Patrick Durkin reviews The Banking and Finance Oath/Melbourne University in Melbourne.
This article was originally published in the AFR, 22 November here (Paywall)
Corporate regulator Greg Medcraft has vowed to double down on his cultural crusade and fight his landmark rate-rigging cases for many, many years because the banks wrongly believe it is still "just a case of a few bad apples".
The chairman of the Australian Securities and Investments Commission urged boards to do more to set the culture "from the top" and sign the Banking and Finance Oath, which top executives at the Commonwealth Bank of Australia have refused to sign.
"Having seen in Australia the financial advice scandals, the responsible lending scandals, the life insurance, the general insurance, one of the biggest issues for organisations is they have to recognise is often it is not just a case of a few bad apples, at a point there is some problem with the tree," Mr Medcraft told a Banking and Finance Oath panel in Melbourne on Tuesday.
"I still find some very large organisations think it's a few bad apples when in fact you've got to go to the root cause of the problem and say what created all of these bad apples?
"Every time we scratch the surface whether it be in insurance or lending or advice, it doesn't come up good. That is why this campaign is really important because it is up to them to win back trust and it is not just a matter of talking about it ... actions speak louder than words and that is critical."
CBA chief executive Ian Narev came under fire at last month's parliamentary banking inquiry for not signing the Oath – which outgoing CBA chairman David Turner and other leading CBA executives have also refused to sign – claiming he didn't need to sign the voluntary pledge, which includes a short series of commitments such as "my word is my bond".
"The sole reason I haven't to date is not because I don't agree with the content, which I do wholeheartedly. My view is that the day I took the job I signed up for that, I made that commitment to all our stakeholders," Mr Narev told the parliamentary committee.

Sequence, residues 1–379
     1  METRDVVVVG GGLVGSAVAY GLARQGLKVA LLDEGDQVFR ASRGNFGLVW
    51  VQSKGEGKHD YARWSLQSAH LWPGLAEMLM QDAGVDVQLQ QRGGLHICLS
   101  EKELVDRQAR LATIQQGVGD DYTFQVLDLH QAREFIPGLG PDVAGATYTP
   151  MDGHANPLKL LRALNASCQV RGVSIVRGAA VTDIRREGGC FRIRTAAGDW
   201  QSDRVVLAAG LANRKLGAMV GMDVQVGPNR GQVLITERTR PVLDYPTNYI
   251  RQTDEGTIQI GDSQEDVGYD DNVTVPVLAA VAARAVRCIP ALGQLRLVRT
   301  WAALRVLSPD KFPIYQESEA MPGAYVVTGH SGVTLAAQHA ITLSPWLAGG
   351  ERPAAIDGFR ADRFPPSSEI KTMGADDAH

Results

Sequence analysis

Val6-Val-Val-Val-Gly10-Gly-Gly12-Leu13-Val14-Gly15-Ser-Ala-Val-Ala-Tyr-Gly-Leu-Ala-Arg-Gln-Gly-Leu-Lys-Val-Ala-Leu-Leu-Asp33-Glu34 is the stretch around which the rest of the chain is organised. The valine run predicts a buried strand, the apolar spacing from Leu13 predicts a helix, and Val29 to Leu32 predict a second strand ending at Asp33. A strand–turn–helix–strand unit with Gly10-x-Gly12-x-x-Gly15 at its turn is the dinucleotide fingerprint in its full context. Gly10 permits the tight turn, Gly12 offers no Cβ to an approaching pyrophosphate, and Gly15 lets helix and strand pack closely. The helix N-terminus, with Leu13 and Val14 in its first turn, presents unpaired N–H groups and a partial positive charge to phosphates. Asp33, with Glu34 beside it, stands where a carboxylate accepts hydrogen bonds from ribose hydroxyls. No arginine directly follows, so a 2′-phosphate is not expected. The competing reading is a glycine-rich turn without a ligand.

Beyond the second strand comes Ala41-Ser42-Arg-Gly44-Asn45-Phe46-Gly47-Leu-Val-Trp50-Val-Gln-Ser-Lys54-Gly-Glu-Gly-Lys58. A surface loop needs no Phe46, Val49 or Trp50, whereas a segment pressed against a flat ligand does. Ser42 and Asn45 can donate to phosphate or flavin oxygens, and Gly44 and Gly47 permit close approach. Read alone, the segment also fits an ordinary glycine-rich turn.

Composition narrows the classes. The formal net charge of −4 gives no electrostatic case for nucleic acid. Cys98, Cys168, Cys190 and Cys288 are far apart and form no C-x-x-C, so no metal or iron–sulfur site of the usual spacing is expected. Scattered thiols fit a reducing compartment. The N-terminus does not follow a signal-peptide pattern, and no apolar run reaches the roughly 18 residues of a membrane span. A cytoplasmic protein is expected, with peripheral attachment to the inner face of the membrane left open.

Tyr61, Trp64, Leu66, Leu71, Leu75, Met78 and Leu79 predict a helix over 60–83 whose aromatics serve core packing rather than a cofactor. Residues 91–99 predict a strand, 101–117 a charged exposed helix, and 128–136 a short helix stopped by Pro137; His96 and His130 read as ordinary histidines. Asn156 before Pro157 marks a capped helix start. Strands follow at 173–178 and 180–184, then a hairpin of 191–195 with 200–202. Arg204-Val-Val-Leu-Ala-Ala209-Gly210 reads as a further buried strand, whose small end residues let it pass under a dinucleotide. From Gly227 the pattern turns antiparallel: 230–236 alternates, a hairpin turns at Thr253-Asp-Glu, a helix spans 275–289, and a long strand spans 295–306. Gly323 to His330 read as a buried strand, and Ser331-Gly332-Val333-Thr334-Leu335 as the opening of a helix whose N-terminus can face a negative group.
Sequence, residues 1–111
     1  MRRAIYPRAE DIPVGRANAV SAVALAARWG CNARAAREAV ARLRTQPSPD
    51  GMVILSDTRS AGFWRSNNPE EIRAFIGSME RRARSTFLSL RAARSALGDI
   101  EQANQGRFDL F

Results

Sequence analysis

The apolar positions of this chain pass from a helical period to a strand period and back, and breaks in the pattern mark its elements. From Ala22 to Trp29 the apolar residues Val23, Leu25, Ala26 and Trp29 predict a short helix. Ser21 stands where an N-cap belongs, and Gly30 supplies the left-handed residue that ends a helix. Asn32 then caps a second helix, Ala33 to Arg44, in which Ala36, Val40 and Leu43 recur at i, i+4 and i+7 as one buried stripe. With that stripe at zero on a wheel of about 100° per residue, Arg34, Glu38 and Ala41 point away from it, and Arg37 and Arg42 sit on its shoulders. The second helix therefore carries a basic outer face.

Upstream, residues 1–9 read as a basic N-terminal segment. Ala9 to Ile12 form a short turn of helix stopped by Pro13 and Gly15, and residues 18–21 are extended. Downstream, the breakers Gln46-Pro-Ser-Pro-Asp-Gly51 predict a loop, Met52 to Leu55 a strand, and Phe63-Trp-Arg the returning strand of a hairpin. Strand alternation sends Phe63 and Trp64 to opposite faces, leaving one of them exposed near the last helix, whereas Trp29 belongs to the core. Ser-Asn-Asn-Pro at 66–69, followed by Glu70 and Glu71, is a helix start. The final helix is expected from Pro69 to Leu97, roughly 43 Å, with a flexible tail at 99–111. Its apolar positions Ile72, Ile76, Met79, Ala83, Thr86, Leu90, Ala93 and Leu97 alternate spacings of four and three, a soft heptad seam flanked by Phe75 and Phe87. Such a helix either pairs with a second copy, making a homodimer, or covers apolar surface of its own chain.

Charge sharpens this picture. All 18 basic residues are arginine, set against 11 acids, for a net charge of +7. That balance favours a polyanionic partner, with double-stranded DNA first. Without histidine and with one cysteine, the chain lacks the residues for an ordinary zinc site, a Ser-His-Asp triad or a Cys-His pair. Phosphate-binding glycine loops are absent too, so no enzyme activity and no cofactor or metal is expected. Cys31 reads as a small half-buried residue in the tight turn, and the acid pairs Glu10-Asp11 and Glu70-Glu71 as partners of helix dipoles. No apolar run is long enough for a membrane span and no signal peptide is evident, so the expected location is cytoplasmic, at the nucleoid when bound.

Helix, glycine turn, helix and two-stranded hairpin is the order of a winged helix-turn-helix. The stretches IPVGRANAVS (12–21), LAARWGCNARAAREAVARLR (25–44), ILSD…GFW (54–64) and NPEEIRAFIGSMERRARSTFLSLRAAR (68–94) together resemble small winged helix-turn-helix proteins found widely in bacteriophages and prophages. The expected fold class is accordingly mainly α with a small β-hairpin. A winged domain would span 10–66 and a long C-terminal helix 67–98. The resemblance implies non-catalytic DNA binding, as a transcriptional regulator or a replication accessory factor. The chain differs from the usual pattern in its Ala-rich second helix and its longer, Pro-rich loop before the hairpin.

We can fight BBSW for years
Mr Medcraft rejected suggestions that ASIC's resources are being drained by the bank bill swap rate (BBSW) cases against ANZ, Westpac and NAB and said the regulator is willing to fight the case for "many, many years".
The Australian Financial Review reported last week that ASIC had spent over half of its $90 million special enforcement fund though the cases remain in their preliminary stages. Sources said the banks may now seek to delay the cases until after Mr Medcraft vacates his role in November next year. ASIC have not ruled out launching a related case against CBA.
"It's very important we send the message that no one is beyond the law," Mr Medcraft told the Financial Review after the panel.
"At the end of the day, we have to have credible outcomes for Australians and we have not been reluctant to take on anyone, we have the resources, despite your article, we have the resources for many years, many, many years," Mr Medcraft said.
"I accumulated a lot of special enforcement funding and we do get $350 million a year."
Boards can do more
A panel of industry representatives including chief executive of JP Morgan, Robert Priestley, and director at Suncorp, Premier Investments and Breville Group, Sally Herman, agreed with Mr Medcraft that culture cannot be regulated but joined him in calling for boards to do more.
"What do I need to do to get ahead around here? If I'm observing a bully is being promoted and a cheat is getting a bonus then I am going to be pragmatic and adjust my behaviour accordingly," Ms Herman said.
"I don't think anybody goes into an organisation with a view to compromising their personal integrity but if that is what you see being rewarded, that's where boards and management have to go right into an organisation and find ways to interact with employees."
Middle management to blame
However, the panel warned the blockage for creating cultural change may rest with middle management, which human resources executives have begun to referring to as the "permafrost" within organisations.
"In the middle [management] I think people in their late 30s to upper 40s have had a lot of opportunity to get into the workforce, they have had constant pay increases, only a little bit of shock during the GFC but most of them didn't lose their job or even have pay reductions," Banking and Finance Oath director Clare Payne said.
"They are now parents of younger kids, they can sort of see how their career could end in 10 years and they just want to stick it out, pay off the house and get it all done so there is not much incentive for them to stick their head up and get involved in this."
Mr Medcraft agreed that in addition to executives and the board, "it does come back to the middle management, the missing seat and making sure this doesn't become white noise".
Mr Medcraft also backed sweeping new federal whistleblower laws that were agreed on Monday night to secure the support of Nick Xenophon and Derryn Hinch to pass the government's industrial relations bills. The whistleblower laws will protect individuals in both the public and private sectors and provide for US-style bounties, an idea long trumpeted by Mr Medcraft.
"My suggestion was the whistleblowers should be compensated, I think whistleblowers should be valued," Mr Medcraft said.